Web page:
pizza on a pizza board fresh from the oven

Change in calories

Average daily food consumption is above the 2,500 kilocalorie threshold to maintain human body weight in all regions of the world. A remarkable achievement.

Here is a curious quote we came across recently

the energy value of the typical diet in France at the start of the eighteenth century was as low as that of Rwanda in 1965, the most malnourished nation for that year in the tables of the World Bank

Fogel (2004) – The Escape from Hunger and Premature Death, 1700-2100: Europe, America, and the Third World.

This sounds like a remarkable statistic. It took just 200 years to more than double the available calories for citizens even as the population more than tripled. 

The same can be said for China. In the 1960s, the daily per capita supply of calories was below 1,500 kcal per day. Today China supplies over 3,100 kcal per capita when the population is at 1.39 billion (2018), again more than double the number in 1960.

The point of these comparisons is that the availability of food measured as calories consumed per person per day generally increases over time, as this graph from the Our World in Data website shows. 

graph of the increase in daily supply of calories per person by global region, 1961 to 2013

Most regions have seen a daily gain of 500 kcal per person in my lifetime. That is the same as gaining a Big Mac or four large bananas daily.

Overall global food availability as daily calorific supply has increased by 25% since 1961. There are regional differences, with some losses, particularly in Eastern Europe in the late 1980s and some declines in North America in more recent times. 

But overall, food availability across the world has improved.

three Islamic women enjoying a meal outdoors
Photo by Gradikaa Aggi on Unsplash

Calorie needs

All things being equal, an average woman needs to eat about 2,000 kilocalories per day, and an average man needs 2,500 kilocalories to maintain body weight. Not that anything is ever equal.

Given all the regional averages are above 2,500 kilocalories, there is enough food. The average daily supply meets this requirement almost everywhere. 

Also, the calorie trends are positive. Over time the number of people worldwide that are short of food is declining. The Chinese example, in particular, is a remarkable story of maintaining growth in the amount of food per capita that stretches to protein consumption

Upward trends keep politicians happy and make investors smile, but too much nutrition is a problem too. 

France went from famine and malnutrition 200 years ago to 1 in 10 people being obese, and almost 40% are overweight (including obese). OECD projections indicate that overweight rates will increase by 10% within ten years. Half the population will consume more food than they need in a decade.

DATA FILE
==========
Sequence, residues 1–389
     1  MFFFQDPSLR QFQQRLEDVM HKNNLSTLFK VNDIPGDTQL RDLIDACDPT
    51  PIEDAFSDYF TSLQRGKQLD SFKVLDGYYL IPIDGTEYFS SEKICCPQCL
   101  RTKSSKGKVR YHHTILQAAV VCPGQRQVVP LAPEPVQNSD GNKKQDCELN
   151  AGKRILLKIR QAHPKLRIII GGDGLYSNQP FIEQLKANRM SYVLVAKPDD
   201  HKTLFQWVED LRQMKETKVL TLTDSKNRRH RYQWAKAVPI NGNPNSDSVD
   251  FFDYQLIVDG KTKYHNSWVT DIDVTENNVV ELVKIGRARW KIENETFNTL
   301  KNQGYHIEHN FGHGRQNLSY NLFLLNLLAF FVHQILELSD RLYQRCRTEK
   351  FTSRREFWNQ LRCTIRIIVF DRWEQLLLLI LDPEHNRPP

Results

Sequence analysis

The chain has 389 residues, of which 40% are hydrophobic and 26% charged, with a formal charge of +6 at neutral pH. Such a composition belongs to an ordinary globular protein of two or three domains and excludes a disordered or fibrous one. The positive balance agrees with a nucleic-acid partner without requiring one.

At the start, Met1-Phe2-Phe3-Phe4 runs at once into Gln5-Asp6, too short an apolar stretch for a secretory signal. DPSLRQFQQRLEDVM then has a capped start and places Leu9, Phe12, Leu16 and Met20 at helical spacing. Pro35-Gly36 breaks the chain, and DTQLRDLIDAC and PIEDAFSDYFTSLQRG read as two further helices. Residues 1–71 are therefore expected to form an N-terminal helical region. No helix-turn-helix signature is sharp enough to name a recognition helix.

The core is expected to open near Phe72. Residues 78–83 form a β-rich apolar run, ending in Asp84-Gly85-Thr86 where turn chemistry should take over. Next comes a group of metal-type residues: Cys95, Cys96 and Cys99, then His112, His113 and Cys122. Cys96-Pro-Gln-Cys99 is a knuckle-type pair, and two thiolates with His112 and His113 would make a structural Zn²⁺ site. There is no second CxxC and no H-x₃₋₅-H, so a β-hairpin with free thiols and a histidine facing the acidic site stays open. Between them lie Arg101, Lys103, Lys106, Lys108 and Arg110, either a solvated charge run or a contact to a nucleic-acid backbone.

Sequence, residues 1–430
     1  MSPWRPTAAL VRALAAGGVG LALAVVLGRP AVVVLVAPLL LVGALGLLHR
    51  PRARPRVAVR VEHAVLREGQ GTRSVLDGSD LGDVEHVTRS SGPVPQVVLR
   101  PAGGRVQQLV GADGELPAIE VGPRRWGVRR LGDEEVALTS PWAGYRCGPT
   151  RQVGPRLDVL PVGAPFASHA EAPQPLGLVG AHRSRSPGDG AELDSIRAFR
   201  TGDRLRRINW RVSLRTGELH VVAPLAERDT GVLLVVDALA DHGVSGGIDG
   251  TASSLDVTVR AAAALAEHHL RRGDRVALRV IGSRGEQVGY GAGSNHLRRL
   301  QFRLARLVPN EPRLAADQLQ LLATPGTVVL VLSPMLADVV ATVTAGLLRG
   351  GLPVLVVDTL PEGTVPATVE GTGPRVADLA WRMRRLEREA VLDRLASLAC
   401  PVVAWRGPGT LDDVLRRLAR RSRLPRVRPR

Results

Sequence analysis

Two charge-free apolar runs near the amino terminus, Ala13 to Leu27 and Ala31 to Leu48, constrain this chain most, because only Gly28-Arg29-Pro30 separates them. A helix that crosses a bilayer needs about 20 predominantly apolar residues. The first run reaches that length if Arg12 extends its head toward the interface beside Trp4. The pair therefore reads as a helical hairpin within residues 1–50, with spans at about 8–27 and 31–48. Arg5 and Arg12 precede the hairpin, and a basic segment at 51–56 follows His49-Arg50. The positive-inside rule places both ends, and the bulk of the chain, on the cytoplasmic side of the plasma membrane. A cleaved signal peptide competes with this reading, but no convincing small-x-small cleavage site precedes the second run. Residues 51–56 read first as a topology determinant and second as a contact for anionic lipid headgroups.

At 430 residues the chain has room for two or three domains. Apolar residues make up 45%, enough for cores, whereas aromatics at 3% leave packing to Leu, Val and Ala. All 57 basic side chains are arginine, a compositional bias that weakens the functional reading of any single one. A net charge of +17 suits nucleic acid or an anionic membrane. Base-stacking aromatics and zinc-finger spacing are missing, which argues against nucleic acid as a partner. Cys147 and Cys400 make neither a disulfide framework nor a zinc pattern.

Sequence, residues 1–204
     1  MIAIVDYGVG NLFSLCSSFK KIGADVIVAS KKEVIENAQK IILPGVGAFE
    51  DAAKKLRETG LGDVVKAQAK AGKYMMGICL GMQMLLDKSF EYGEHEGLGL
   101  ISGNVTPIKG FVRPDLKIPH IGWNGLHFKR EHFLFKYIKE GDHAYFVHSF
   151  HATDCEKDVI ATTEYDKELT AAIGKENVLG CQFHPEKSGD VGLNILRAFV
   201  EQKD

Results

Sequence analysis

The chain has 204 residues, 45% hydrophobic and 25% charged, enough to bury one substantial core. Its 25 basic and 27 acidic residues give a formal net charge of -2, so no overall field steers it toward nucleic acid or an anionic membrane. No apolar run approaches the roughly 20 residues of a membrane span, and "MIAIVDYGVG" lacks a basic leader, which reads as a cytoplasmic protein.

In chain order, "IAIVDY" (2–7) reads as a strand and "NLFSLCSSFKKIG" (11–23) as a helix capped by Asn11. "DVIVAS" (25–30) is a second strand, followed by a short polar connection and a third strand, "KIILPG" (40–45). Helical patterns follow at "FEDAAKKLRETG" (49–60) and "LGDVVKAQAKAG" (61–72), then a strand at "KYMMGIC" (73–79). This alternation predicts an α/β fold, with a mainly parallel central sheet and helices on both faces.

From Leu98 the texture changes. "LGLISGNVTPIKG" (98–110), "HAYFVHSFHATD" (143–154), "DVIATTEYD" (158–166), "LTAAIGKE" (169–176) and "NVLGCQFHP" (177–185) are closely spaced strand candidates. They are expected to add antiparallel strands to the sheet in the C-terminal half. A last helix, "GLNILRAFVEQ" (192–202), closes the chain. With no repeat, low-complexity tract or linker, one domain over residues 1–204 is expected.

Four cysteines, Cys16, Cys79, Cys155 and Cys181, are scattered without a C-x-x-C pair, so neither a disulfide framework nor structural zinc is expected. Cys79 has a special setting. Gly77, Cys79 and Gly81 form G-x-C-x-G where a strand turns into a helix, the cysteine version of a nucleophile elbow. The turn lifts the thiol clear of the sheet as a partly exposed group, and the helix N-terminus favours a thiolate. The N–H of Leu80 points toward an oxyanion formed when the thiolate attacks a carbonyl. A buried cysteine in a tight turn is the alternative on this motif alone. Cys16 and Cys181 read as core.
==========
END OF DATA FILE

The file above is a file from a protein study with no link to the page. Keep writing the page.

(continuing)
There is too much of a good thing.

The challenge for the next 50 years is to let the average daily supply of calories plateau even as the net demand for food grows due to global population increases. 

Food production could go in the other direction. Global food production is precarious as it relies on long supply chains, is overly complex and vulnerable to shortages of critical inputs. 

At least half the global food supply is from intensive agricultural systems reliant on inputs and built for healthy, productive soils. However, intensive production depletes the nutrient and organic matter content, and they degrade.  

Overall we need more resilient food production systems that can still deliver 22 trillion kilocalories a day.

The outlook is pessimistic even though the historical trend is for growth in food production and the average daily supply of calories. 

What sustainably FED suggests

At sustainably FED we are frightened of curves that continually go upwards. 

We are systems ecologists and know that resilient systems cycle; they do not go on benders that send trends upwards unless they trend downwards too. 

The trend could quickly turn into a plummet and fall off the cliff. 

So we are keen to find innovations that will reduce the likelihood of increase and cliffs and make the maintenance of calorific production at a reasonable level that reduces malnutrition in both directions and maintains food production as the climate changes as the nutrients.

Such a delicate balance is tricky. 

It will mean a radical change in how food is grown, in diet, and all the social structures around food getting onto dinner plates. These will not be easy changes, but they are possible—unlike finding another planet on which to live.  

Fortunately, the flip side of a challenge is opportunity. We just need to find the people with the energy and imagination to link the two.

Hero image from photo by engin akyurt on Unsplash


Mark is an ecology nerd who was cursed with an entrepreneurial gene and a big picture view making him a rare beast, uncomfortable in the ivory towers and the disconnected silos of the public service. Despite this he has made it through a 40+ year career as a scientist and for some unknown reason still likes to read scientific papers.

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